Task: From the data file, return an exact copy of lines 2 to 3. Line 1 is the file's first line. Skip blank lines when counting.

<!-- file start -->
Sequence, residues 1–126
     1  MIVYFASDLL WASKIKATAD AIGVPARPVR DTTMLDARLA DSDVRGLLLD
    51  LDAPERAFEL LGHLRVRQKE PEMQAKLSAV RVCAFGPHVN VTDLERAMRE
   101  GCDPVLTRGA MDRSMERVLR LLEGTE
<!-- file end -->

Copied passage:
     1  MIVYFASDLL WASKIKATAD AIGVPARPVR DTTMLDARLA DSDVRGLLLD
    51  LDAPERAFEL LGHLRVRQKE PEMQAKLSAV RVCAFGPHVN VTDLERAMRE